But the city’s ancient pipe system also leaks five million liters of water every day, Mr. Chawdhry said in an interview in his office. A $105 million, World Bank-backed upgrade of the system, including a pipeline drawing water from a nearby river, is scheduled to be finished in 2023.

The strain on the water supply increases greatly during the summer tourist season, when Shimla’s population essentially doubles. In the summer months, Mr. Chawdhry said, the city typically needs 45 million liters a day. He said the current daily supply stood at 31 million liters, and at the height of the crisis in May it was as low as 22 million.

<p>Shimla is not the only Indian city whose water supplies are under increasing pressure. Last year was the country’s fourth hottest since record-keeping began in 1901, with rainfall down by nearly 6 percent from 2016, according to the Indian Ministry of Earth Sciences.

My video below is an interview with two globally known glacier experts, who discuss the shrinking of  mountain glaciers, and impacts on the crowded, nuclear armed states in Asia.


7 Responses to “Water Pressure: India Faces “Worst-ever” Crisis”

  1. That’s only a year and a half away.

  2. dumboldguy Says:

    “If nothing is done by 2020…” (or 2022, or 2025-1/2) Ho-Hum…..

    I have often touted the book Fire and Ice here (Jonathan Mingle, 2015), which does a great job exploring the science and particularly the cultural aspects of glaciers in the Himalayas and societal failures in India. It will soon be SHTF time there, and we and they are doing next to nothing to head it off (except perhaps aggravate the Chinese with insane trade wars, which may make them less likely to listen to us when India, Pakistan, and China start thinking about throwing nukes at each other).

    Reading another good book by Curt Stager—- Still Waters: The Secret World of Lakes (Norton, 2018). Stager visits lakes around the world, and talks about Lake Victoria having dried up about 17,000 years ago during a time when the African and South Asian monsoons failed because of some drastic short-term climate change. Considering how much we are screwing with the climate, it is not impossible that the monsoons may fail again, putting three or four billion people in “high to extreme stress” over water shortages.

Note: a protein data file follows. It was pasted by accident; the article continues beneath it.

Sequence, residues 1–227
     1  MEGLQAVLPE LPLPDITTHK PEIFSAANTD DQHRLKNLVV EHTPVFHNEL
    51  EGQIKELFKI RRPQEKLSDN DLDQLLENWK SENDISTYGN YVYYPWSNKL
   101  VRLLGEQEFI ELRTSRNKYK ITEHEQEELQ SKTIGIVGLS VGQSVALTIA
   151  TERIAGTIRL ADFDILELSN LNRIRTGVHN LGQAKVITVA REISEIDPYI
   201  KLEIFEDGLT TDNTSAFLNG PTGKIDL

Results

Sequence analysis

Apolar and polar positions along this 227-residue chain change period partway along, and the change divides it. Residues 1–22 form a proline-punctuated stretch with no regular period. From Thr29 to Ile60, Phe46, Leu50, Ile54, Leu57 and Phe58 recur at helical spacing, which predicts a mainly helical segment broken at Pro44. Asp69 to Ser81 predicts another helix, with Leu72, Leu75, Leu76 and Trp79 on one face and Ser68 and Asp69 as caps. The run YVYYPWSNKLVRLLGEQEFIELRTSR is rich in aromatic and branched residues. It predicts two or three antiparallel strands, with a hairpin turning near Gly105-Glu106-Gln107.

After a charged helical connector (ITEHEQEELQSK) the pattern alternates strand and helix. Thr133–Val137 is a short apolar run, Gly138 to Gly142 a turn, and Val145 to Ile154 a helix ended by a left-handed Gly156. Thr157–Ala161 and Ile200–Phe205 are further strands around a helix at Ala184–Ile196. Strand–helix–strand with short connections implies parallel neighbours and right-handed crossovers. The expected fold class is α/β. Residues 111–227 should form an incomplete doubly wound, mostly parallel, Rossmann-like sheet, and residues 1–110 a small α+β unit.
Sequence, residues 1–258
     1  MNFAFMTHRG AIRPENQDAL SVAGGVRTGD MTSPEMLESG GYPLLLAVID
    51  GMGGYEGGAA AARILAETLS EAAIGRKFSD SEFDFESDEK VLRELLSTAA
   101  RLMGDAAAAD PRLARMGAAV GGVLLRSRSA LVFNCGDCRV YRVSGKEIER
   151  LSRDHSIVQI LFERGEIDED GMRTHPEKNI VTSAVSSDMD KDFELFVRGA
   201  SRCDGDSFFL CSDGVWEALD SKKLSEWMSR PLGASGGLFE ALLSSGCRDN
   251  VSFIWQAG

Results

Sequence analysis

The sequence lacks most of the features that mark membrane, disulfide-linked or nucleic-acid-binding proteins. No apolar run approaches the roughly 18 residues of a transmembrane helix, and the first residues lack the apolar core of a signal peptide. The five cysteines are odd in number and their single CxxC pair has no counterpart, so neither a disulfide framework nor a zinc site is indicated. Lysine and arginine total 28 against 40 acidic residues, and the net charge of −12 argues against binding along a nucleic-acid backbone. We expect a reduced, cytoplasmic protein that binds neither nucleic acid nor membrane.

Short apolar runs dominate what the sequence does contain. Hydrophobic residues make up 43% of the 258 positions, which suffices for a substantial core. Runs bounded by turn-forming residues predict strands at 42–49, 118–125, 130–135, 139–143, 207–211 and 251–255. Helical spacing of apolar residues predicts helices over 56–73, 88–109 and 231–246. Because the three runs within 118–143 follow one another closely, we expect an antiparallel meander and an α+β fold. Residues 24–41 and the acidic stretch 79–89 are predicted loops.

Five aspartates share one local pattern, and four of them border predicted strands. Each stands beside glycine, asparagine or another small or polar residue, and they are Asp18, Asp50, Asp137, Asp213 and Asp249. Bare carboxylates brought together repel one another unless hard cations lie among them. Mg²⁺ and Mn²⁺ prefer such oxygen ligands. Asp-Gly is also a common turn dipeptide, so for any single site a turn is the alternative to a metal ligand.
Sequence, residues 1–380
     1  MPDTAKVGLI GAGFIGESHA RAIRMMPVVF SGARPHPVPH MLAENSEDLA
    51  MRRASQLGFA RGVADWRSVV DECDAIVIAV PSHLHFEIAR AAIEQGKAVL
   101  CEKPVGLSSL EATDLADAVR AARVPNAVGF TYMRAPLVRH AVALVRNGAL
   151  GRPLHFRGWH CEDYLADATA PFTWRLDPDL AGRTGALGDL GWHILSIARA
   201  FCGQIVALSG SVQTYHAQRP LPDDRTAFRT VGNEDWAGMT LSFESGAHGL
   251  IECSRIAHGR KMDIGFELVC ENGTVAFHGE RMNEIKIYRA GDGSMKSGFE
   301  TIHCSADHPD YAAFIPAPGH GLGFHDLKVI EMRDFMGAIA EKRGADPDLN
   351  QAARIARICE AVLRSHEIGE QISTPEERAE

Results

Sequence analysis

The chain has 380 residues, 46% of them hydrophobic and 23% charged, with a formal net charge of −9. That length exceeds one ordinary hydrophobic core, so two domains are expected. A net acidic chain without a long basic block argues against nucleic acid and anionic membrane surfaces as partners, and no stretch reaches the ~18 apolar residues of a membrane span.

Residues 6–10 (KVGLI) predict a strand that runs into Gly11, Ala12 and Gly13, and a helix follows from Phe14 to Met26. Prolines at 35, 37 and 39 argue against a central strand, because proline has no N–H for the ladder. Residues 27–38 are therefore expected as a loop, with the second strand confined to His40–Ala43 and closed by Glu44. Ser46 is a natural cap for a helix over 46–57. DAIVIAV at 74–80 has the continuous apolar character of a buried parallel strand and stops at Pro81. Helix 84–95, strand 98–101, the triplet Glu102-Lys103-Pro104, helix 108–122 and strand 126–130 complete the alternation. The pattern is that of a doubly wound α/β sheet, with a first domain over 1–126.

Sell your Solar Roadway stock and invest in fallout shelter companies, folks. (And think about unloading your Tesla stock too—-Mars Man Musk has announced more production problems, laid off 9% of his work force, and a Tesla-S burst into flames on the street in CA (viral video available)—-while he is still pushing for his Boring company to drill tunnels everywhere). Check out the video and Tesla’s waffling:


    • dumboldguy Says:

      FIVE downvotes for my comment from the Musk sheeple—-an impressive demonstration of how a BS artist can take over the minds of otherwise intelligent people. What’s next? A Church of Elon where he can be properly worshiped?

      In the meantime, would anyone care to talk about all the OTHER points I made and the thrust of this Crock post—-you know, the HUGELY serious water problems developing in South Asia and the complicating factor of ~500 nuclear weapons being held by the major players? Time is running out, folks, and spending your time kissing Musk’s rear end is not going to solve the problem.

  3. rhymeswithgoalie Says:

    AVERAGE current temperatures in northern India over 104dF (40dC) from


  4. earthscience2018 Says:

    Join the International Conference on Earth Science and Climate Change at Zurich, Switzerland
    For more information go through the link: https://www.meetingsint.com/conferences/earthscience

  5. Priti Das Says:

    Nice informative blog. You truly said day by day water crisis is increasing. Everyone stops wastage of water.